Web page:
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I need to automate some text editing and encryption. I've been doing some research and it seems uhooker can detect when a file is saved or when a program is closed, but I didn't see any examples to find the path to file for any saved files, like say from notepad. I did find techniques of directory watching, but there are some recourse overheads for going that route. Can anyone point me in the right direction, and provide documentation to any example that does this? Or let me know if I simply missed it in the uhooker documentation? Thanks.

closed as off-topic by Nordwald, perror, peter ferrie, Vitaly Osipov, kn0x Oct 26 '17 at 13:43

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  • Can you explain what you're actually trying to achieve? If you only need to do "some text editing and encryption", any programmation language should do the trick.. – Dillinur Oct 18 '17 at 19:23
  • I'm looking to automate the process on save. I want to wrap a Windows program and when a user saves via save or save as, I want that event to trigger my script to run against that save file. The actual program I'm targeting is slic3r or craftware. These produce gcode files which are essentially text files.I use non planar sinoidal layering in my 3d prints and currently I have to run it command line every file I do and it takes time. If I set up a .bat file to open the program and run my script, all I have to do is save my file and it will be ready to print. – Jasong Oct 18 '17 at 20:27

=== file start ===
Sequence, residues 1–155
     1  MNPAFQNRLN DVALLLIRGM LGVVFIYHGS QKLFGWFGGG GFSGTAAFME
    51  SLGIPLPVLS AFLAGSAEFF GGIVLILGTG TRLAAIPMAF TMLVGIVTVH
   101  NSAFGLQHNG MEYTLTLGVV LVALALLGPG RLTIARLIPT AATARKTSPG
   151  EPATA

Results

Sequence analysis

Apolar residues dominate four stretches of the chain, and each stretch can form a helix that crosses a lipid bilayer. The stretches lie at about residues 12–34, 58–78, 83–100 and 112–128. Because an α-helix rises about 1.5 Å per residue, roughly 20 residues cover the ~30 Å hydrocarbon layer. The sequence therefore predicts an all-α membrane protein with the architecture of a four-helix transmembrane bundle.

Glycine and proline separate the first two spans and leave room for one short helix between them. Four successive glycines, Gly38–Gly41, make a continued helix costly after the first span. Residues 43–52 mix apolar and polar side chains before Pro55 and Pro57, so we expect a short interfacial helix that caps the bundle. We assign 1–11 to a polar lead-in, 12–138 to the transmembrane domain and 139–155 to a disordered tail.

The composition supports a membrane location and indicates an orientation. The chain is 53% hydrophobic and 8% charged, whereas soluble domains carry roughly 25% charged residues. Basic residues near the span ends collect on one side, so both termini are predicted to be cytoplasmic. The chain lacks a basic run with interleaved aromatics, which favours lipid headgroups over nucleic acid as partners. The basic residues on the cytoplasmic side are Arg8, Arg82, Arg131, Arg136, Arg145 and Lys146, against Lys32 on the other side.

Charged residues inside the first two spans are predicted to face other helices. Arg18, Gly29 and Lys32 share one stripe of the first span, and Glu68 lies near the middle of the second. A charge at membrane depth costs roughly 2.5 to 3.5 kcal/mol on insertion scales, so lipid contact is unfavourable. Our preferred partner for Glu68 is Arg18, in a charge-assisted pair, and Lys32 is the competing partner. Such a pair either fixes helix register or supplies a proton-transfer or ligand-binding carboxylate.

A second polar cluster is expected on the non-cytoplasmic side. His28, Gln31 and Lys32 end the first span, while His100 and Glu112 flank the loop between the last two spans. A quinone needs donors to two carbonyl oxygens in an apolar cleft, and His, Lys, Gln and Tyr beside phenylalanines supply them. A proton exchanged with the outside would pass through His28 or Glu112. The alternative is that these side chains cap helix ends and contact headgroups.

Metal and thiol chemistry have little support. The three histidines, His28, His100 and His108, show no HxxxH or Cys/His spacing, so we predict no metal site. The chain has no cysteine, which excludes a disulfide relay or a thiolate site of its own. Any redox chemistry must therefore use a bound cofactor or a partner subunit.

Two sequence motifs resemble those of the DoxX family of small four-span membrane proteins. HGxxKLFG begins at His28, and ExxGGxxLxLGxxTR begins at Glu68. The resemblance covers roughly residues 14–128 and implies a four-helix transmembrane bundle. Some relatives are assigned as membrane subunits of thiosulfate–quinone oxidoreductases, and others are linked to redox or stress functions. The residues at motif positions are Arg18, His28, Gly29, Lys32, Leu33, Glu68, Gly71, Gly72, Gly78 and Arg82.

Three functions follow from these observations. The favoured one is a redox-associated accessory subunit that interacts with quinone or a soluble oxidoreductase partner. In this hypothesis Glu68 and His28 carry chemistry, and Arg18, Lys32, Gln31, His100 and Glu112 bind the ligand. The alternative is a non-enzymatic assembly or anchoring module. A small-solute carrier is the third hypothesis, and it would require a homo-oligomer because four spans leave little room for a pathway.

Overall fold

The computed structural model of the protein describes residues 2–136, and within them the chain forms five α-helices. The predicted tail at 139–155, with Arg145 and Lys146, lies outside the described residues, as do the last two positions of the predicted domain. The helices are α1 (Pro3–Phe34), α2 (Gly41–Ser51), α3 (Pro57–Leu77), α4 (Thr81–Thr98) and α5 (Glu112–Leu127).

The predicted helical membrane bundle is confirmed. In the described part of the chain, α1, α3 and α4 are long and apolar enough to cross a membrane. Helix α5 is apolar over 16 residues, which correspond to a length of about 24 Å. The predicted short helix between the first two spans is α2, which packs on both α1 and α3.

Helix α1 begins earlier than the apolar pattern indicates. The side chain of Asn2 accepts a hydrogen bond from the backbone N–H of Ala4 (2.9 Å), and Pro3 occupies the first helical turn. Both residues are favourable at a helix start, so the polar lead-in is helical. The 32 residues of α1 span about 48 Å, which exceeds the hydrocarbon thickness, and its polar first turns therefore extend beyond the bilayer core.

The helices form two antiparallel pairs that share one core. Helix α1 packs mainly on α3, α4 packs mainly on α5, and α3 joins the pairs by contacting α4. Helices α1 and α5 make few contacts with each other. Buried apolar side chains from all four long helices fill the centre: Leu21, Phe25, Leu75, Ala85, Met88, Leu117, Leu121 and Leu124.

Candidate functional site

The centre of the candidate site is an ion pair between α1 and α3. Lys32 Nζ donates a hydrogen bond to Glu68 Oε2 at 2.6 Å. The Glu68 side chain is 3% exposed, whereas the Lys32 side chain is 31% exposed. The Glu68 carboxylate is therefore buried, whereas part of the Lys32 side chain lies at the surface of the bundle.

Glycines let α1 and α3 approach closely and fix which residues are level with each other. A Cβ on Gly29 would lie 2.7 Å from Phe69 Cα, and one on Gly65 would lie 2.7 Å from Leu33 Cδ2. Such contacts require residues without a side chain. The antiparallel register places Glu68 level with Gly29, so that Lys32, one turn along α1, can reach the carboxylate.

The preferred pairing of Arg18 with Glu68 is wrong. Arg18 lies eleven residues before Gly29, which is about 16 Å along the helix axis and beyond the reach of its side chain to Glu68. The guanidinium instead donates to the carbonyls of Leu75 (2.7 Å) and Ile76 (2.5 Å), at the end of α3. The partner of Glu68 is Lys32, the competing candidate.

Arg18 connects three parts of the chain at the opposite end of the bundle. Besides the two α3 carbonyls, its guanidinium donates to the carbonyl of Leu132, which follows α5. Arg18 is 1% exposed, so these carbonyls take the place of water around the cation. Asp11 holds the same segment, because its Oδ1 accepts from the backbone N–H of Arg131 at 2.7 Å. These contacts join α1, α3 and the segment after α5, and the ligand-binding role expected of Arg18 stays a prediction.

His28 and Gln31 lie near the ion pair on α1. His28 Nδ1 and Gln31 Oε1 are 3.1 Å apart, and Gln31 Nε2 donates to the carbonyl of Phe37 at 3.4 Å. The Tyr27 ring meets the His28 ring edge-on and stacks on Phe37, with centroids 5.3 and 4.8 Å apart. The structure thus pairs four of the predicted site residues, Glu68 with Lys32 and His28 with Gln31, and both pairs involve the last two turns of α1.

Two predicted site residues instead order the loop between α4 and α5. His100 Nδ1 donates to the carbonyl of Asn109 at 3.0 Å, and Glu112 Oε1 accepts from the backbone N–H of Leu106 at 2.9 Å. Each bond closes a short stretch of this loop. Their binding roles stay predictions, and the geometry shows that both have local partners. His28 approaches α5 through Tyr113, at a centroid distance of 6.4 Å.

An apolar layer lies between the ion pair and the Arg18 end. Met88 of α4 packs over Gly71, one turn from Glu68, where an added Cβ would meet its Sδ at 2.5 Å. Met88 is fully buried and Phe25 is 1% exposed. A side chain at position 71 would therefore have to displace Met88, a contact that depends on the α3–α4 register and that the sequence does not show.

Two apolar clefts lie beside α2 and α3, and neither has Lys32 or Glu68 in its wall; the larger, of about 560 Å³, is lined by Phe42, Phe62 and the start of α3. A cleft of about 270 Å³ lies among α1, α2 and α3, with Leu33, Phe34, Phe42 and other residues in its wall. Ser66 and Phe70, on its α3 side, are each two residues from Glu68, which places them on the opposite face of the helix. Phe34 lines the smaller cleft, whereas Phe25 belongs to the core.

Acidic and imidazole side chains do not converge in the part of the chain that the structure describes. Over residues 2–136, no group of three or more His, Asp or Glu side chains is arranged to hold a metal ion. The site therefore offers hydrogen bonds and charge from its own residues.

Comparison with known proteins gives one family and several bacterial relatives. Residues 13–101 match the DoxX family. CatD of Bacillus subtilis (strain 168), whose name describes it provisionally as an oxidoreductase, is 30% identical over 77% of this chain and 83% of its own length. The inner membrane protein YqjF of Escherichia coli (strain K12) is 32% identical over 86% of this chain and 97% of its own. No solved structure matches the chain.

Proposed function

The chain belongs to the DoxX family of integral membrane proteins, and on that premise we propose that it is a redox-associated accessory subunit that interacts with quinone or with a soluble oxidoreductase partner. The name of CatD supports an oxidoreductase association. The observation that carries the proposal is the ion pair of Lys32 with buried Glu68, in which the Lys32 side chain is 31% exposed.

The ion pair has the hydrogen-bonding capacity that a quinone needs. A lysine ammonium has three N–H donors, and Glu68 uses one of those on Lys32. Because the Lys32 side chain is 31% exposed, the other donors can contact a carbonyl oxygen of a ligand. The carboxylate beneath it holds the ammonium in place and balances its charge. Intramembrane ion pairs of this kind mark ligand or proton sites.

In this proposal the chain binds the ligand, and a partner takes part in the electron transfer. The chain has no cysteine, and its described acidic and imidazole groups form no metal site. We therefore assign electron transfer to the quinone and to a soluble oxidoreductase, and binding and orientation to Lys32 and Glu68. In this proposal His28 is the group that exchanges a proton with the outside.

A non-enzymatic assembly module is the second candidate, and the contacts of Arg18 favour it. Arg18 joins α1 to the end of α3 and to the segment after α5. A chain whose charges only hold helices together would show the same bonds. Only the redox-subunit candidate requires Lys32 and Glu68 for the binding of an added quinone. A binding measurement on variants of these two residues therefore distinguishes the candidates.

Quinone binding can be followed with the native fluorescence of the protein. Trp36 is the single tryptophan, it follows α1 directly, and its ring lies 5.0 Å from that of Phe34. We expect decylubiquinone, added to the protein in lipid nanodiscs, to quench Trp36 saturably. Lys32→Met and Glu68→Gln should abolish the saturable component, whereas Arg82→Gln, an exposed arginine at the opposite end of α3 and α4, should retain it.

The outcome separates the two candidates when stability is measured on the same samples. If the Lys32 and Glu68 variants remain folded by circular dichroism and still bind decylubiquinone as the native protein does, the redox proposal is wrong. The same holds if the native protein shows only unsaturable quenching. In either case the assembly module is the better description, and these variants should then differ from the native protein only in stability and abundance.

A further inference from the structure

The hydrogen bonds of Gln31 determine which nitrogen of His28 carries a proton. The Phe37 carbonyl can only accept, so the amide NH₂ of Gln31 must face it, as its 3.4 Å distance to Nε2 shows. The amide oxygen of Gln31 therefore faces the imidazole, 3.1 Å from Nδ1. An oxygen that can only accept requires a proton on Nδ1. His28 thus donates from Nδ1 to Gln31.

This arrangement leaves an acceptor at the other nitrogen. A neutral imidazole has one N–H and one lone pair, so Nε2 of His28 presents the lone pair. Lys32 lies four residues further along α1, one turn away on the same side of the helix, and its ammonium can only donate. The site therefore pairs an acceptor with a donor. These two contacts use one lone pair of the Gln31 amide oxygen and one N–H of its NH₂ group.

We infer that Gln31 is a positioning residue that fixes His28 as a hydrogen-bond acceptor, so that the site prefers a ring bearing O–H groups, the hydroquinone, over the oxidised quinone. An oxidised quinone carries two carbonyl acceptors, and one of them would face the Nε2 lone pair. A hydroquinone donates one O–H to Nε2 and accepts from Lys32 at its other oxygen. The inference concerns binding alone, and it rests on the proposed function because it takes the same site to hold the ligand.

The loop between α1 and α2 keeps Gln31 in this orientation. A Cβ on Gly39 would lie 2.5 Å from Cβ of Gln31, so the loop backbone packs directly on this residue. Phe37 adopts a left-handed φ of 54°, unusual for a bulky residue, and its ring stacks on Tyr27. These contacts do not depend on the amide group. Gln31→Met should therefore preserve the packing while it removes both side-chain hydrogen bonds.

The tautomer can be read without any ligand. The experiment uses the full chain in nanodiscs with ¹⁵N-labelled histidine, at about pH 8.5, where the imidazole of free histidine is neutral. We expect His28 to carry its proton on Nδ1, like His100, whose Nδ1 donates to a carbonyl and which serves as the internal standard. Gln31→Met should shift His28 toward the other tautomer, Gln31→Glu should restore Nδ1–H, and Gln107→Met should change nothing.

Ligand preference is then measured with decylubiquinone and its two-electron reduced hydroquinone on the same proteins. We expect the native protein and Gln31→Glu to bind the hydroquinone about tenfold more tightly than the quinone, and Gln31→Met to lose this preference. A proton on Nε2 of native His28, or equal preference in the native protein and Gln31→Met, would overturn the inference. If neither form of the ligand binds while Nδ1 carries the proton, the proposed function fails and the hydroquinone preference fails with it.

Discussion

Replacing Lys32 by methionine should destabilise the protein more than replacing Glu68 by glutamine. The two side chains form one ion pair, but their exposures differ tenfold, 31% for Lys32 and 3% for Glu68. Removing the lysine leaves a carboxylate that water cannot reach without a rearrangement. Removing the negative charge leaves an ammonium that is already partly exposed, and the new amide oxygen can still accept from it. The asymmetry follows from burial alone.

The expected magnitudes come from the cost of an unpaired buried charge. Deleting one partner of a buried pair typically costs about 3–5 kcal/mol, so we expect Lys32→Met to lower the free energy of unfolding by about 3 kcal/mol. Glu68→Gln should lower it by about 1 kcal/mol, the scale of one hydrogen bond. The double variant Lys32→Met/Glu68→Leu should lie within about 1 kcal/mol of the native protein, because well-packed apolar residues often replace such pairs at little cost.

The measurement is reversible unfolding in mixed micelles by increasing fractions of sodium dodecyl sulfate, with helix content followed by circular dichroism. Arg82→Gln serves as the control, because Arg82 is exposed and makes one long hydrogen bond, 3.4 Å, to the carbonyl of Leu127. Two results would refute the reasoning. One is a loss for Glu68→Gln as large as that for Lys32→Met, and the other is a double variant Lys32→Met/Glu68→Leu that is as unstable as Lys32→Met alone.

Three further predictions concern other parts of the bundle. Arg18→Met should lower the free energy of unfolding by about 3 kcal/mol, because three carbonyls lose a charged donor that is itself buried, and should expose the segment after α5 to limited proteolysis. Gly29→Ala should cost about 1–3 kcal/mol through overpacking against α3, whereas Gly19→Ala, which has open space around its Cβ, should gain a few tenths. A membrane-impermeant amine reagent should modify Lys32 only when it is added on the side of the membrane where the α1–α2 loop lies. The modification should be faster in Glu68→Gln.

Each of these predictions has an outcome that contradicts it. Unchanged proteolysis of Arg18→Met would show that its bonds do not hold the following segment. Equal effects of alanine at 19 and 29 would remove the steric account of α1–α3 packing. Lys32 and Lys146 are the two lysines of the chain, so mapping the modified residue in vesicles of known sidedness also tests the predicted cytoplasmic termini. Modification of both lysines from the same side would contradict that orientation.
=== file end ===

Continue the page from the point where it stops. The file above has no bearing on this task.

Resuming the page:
• I posted here because api hooking is typically an re sort of thing. I found uhooker and winappdbg, but I haven't figured out how to actually get the output file. I found directory watching, but I'd have to watch all of c:/ to find a save since I can't garantee where a user might save to. It seems I'd have a bit too much overhead that way. It would take too long. – Jasong Oct 18 '17 at 20:42
  • Intels pin has been suggested to me, but that is done in c or c++. The only two languages I can do anything in is c# and python. I barely started learning c# so I'm hoping it can be done pure python. – Jasong Oct 18 '17 at 20:53
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    You can use the official Windows API to hook functions - and you can use the pretty convienient win32-warper for python. There are examples available – Nordwald Oct 19 '17 at 4:53

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